With best wishes,
Ruth

Listening and Learning to Develop Campus Strategy

Dear Colleagues,

Since joining the campus on August 1, I have had the pleasure to meet many of you during visits to the colleges and departments. I appreciate the warm welcome you have extended as I join the University of Utah, sharing with me your current goals, your perceptions of strength and challenge on campus, and your aspirations for the future. What I see is a University with remarkable opportunities built on a sound foundation of excellence and innovation, and a tremendous spirit of good will among colleagues. I am deeply impressed by the vision, energy, creativity and talent of our people, and excited about our potential to partner to advance the University of Utah to even greater levels in the years ahead.

As an academic leader for the main campus, my role is to build a vision for the future based on our shared aspirations, guide and enable continued excellence, identify and facilitate critical opportunities, and implement strategies and infrastructure investments that ensure innovation and vibrancy in scholarship, education, and outreach.

There are several consistent themes in the input that I heard during my listening and learning tour around campus, for example:

  • Many units are actively committed to the success of our undergraduates. You are creating scholarships to attract top talent independent of financial background, implementing course-based interventions to increase graduation rates, and promoting engaged learning experiences that prepare leaders and citizens for the 21st century. Taking these efforts to a more uniform and comprehensive level may be the next step. The importance of sufficient support to attract the best graduate students was also highlighted in several college visits.
  • Colleges are working to attract and retain top faculty talent to work within and across disciplines. Interdisciplinary efforts can face barriers, and recruiting and keeping strong scholars requires sufficient compensation, peers in related areas, and diversity to advance the institution. As the flagship university, we have a particular responsibility for the generation and dissemination of knowledge that is relevant to societal challenges.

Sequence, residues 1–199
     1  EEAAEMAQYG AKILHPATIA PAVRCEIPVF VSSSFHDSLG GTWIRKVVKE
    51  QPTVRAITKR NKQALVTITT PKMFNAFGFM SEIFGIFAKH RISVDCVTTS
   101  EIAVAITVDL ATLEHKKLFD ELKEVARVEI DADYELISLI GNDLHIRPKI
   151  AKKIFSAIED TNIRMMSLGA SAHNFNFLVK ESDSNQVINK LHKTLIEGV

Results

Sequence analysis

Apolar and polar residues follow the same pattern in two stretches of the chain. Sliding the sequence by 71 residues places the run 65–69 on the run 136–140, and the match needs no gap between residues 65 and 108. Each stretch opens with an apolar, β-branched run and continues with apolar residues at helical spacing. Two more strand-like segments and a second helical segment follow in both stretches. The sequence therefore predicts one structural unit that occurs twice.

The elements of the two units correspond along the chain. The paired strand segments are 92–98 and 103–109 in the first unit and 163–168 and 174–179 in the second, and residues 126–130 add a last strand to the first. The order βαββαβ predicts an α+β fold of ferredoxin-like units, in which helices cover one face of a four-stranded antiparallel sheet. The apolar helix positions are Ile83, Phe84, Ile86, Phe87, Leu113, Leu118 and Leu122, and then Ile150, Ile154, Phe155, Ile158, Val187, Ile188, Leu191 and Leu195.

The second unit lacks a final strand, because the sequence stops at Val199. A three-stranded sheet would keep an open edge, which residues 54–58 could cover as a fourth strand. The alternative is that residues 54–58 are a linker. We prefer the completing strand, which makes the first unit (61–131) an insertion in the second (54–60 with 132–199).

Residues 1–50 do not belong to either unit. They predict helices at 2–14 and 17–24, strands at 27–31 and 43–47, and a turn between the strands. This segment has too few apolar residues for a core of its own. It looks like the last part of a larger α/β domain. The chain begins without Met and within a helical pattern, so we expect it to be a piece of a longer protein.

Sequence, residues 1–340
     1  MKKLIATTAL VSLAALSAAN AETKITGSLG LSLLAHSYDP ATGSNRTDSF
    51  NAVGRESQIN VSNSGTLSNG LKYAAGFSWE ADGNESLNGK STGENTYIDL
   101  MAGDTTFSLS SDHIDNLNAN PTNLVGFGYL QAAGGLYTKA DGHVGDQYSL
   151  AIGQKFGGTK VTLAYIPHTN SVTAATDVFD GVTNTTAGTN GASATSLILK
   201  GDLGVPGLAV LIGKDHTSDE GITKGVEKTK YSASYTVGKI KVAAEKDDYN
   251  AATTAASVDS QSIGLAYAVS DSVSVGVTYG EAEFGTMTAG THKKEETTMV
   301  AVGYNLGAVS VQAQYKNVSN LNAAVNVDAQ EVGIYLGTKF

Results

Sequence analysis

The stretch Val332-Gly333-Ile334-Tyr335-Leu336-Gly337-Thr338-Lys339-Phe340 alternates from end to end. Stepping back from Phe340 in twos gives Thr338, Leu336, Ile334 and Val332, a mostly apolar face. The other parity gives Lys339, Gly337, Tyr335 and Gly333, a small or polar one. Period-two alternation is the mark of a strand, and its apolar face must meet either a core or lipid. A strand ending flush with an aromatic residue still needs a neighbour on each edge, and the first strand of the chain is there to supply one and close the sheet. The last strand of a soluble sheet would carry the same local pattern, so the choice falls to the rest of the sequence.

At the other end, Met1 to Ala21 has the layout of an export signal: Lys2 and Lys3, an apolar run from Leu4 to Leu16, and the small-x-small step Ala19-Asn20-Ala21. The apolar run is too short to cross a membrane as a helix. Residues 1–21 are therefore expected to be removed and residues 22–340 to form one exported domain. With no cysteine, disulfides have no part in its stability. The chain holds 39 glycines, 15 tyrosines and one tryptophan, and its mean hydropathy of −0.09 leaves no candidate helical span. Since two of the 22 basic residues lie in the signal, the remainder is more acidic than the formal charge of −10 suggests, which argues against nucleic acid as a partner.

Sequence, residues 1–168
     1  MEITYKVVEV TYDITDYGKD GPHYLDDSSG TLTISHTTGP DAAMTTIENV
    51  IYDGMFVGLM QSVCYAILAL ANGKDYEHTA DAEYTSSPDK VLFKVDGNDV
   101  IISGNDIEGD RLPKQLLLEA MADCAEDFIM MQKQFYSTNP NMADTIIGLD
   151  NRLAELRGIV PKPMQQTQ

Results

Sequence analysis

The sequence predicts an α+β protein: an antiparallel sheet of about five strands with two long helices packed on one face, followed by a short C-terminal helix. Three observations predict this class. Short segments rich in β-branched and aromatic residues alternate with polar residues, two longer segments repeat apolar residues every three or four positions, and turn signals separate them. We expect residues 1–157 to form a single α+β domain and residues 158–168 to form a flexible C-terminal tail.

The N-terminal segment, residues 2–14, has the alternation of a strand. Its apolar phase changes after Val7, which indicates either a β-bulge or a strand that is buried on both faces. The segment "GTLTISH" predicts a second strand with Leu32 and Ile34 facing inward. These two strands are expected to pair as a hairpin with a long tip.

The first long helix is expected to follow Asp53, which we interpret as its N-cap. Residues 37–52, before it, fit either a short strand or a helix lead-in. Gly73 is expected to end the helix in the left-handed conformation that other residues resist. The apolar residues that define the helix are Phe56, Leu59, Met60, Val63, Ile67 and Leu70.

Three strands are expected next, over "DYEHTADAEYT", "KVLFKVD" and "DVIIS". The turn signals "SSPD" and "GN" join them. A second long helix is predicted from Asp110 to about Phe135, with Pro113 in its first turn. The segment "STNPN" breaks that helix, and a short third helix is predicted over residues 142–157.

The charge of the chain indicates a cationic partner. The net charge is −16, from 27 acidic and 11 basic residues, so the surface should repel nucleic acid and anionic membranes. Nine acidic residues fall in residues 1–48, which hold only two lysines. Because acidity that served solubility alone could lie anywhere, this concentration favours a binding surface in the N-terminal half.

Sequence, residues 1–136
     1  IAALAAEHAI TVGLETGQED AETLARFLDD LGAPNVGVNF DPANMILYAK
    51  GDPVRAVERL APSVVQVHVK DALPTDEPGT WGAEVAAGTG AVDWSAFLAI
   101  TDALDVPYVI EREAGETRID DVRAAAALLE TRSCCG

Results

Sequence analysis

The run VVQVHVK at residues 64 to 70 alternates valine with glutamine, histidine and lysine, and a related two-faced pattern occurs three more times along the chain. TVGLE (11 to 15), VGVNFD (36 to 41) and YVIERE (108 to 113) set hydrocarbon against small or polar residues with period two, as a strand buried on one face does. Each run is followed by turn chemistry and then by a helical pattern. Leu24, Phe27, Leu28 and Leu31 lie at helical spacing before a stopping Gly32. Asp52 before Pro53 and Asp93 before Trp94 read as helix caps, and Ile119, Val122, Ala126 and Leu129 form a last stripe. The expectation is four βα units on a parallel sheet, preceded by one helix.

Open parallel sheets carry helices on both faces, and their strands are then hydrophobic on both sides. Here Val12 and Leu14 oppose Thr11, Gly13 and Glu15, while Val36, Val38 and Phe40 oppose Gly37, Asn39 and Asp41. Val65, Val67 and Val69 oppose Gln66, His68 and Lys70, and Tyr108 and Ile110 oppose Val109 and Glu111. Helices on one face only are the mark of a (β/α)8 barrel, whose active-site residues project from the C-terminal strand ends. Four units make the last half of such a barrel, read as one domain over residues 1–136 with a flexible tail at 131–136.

• Several units asked about a strategic agenda for educational technology, indicating that it would be timely to evaluate our campus plans and opportunities for using technology to enhance learning and promote graduation rates for on-campus students, increase access to a U education for those who cannot relocate or leave employment to attend, and build new programs that meet demands.
  • Needs in infrastructure were highlighted in several dialogues, such as reconsideration of the current campus budget model, enhancing physical facilities, and developing a plan for long-term financial health in a public research university.

These themes, arising from conversations with you, can help form the core of our work together. To refine how to proceed, several working groups have been formed, among them a Campus Budget Principles and Process working group, a Task Force to Enhance Graduation Rates, and a team focused on enhancing private support for the U. Thanks to all who are lending a hand in these working groups; you strengthen our university for years to come through your contributions.

This semester, I hope to refine these early ideas as we develop a strategy for the future vitality of our campus. Your input is key. I extend special gratitude for all who participated in the listening and learning effort in Fall 2013, and look forward to hearing from many more of you in the months ahead.

Thank you for the warm welcome to the University of Utah.

Ruth